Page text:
T & F: Wariner looks to stay on top in 400 Take a look at the list of the world’s all-time best 400-meter times, and you’ll have to scroll down to No. 72 before you find the Democratic Republic of Congo’s Gary Kikaya’s 2006 time.
Photo Courtesy: www.iaaf.org/Errol Anderson, The Sporting Image - Jeremy Wariner running at the Michael Johnson Classic in Waco.
Take a look at the list of the world’s all-time best 400-meter times, and you’ll have to scroll down to No. 72 before you find the Democratic Republic of Congo’s Gary Kikaya’s 2006 time of 44.10 seconds — the first non-American result the men’s list.
It’s a level of dominance unmatched in any individual event, men’s or women’s, in the track-and-field record book. And of the 12 Americans who have contributed to that list, none have been more dominant than Michael Johnson. With 25 of the 72 fastest times recorded, including the fastest one, Johnson is the undisputed king of the quarter mile.
That position, it appears, is not safe.
To be sure, Johnson’s likely heir apparent was identified years ago when fellow Baylor alum Jeremy Wariner won the gold medal at the Athens 2004 Olympic Games and followed that up with the IAAF World Championships gold medals in 2005 and 2007.
But Wariner stepped back after that. Following a coaching change, the Texan sprinter took silver medals at the Beijing 2008 Olympic Games and the 2009 Worlds, and for those two years fell to No. 2 in the event, behind fellow American LaShawn Merritt. Merritt won the gold medal in the 400 in Beijing. He was suspended following a positive drug test but will be eligible to compete July 27, 2011, in time to run at the World Championships in South Korea.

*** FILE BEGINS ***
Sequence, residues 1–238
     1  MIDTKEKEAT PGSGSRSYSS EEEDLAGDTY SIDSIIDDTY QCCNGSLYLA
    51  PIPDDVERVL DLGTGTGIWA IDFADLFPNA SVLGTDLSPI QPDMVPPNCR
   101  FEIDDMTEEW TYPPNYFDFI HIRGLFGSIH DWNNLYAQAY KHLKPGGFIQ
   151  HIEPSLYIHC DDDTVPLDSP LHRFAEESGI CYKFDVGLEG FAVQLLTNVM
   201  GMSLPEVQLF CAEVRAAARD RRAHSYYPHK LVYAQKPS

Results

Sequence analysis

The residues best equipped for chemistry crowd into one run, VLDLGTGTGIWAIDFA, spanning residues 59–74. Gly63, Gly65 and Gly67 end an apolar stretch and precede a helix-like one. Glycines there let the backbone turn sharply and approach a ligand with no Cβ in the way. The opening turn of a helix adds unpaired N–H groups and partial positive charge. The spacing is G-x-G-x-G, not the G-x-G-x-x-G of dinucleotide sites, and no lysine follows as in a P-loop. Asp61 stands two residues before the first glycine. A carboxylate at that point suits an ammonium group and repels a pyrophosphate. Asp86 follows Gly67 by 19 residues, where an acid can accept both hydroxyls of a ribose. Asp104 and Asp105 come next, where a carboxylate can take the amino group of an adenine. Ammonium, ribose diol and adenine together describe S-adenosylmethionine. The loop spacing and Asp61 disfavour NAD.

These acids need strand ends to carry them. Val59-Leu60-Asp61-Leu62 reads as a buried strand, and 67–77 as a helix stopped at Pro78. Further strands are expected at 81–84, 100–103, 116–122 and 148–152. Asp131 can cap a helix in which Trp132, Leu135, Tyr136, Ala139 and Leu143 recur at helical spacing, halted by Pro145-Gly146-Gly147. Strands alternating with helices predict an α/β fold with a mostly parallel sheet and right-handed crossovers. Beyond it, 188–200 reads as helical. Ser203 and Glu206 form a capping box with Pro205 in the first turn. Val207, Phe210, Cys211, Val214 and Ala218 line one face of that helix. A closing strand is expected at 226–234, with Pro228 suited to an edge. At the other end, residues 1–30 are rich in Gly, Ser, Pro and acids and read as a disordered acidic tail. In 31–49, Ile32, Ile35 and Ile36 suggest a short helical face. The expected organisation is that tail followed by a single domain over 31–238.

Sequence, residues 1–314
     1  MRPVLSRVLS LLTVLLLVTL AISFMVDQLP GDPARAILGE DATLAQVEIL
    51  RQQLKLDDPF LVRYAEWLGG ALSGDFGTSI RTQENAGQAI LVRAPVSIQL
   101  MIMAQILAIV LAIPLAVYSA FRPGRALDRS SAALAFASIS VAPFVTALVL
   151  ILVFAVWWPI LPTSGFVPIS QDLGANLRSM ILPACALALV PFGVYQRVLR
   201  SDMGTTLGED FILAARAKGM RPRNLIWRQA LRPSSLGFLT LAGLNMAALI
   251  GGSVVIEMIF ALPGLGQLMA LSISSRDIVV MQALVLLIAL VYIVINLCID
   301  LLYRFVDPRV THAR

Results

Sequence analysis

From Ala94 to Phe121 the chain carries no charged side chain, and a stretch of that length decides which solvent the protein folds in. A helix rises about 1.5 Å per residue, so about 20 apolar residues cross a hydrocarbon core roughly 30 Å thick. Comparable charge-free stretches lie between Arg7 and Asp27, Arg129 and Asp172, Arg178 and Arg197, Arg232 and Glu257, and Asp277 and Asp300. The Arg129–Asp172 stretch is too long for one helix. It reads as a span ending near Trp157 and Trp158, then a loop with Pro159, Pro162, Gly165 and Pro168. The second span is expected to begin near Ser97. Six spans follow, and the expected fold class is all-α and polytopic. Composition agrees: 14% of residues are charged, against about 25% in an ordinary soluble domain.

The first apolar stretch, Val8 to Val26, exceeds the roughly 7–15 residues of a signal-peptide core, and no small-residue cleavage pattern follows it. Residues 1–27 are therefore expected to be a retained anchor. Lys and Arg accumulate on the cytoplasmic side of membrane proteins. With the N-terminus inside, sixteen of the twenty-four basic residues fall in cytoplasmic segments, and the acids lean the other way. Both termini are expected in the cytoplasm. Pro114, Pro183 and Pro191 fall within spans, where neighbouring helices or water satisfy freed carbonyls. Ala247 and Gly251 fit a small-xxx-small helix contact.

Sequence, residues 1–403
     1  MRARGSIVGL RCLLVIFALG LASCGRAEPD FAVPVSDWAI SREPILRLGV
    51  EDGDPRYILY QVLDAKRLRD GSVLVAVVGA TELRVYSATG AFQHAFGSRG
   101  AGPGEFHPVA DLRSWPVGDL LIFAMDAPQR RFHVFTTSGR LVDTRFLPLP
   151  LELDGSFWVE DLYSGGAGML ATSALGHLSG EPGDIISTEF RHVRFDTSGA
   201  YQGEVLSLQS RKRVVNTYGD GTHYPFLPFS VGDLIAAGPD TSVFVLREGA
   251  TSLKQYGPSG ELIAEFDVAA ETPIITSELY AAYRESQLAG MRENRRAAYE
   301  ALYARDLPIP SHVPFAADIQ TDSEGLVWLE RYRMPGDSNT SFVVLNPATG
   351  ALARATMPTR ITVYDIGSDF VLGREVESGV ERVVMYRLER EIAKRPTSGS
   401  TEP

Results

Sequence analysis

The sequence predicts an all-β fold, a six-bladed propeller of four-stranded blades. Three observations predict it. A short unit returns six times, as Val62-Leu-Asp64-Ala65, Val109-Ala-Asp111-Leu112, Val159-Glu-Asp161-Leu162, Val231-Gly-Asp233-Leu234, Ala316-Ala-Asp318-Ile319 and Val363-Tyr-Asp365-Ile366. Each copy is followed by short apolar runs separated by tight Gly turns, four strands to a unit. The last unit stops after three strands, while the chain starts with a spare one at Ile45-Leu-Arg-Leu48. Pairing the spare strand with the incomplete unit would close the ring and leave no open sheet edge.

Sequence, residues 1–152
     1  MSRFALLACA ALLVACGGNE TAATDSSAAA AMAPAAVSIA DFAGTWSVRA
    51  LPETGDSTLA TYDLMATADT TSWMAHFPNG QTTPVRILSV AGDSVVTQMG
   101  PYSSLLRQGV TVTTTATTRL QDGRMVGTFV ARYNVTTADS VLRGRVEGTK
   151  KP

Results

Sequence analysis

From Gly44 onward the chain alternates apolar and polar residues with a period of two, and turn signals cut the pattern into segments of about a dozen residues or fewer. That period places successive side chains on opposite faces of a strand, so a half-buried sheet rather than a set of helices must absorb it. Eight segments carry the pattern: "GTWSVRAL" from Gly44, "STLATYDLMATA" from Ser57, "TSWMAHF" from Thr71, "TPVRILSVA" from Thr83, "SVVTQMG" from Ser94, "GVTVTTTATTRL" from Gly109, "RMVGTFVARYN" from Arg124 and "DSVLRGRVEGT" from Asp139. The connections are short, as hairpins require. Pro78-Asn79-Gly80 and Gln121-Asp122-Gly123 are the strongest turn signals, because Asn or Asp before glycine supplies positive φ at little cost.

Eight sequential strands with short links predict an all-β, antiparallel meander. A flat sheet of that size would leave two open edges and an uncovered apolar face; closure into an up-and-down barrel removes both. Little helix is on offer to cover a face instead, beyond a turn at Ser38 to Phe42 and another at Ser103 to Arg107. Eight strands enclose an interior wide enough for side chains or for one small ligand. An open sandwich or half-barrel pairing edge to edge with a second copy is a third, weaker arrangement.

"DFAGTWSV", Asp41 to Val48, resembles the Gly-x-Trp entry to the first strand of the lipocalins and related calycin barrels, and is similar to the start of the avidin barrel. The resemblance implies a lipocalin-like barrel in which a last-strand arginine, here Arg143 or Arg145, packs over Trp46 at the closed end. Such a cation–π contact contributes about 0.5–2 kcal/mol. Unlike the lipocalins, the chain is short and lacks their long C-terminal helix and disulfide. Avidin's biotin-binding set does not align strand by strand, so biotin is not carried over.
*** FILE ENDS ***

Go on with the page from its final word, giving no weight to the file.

For Wariner, those two years of being No. 2 was two years too many.
Wariner rejoined his old coach in 2009, regained his No. 1 ranking in 2010 and has reignited his quest to eventually supplant Johnson as the best quarter-miler ever.
That progress has continued. One week after a frustrating season-opening 400 against heavy wind at his home track in Waco, Texas, Wariner blew away the field Saturday at the Drake Relays in Iowa, clocking the fastest U.S. outdoor time of the year so far at 45.19 seconds.
“Every year I want to go out and be the No. 1 quarter-miler in the world, set the world record and this season is the World Championships,” said Wariner, who ran three of the four fastest times last season, including the fastest one, despite having an abbreviated racing schedule.
He’s picked up right where he left off so far this season.
After off-season surgery to repair torn meniscus in his right knee, Wariner came into 2011 rested and healthy. He promptly recorded his best season-opening 200 since 2006.
“I think Jeremy’s training is going as good this year as in any year in the past,” his longtime coach Clyde Hart said. “He’s not way ahead, he’s not behind; I think he is just where he wants to be.”
The athlete is even more optimistic.
“I’m probably about two weeks ahead of schedule training-wise from where I was two years ago,” he said of the last World Championships season. “We are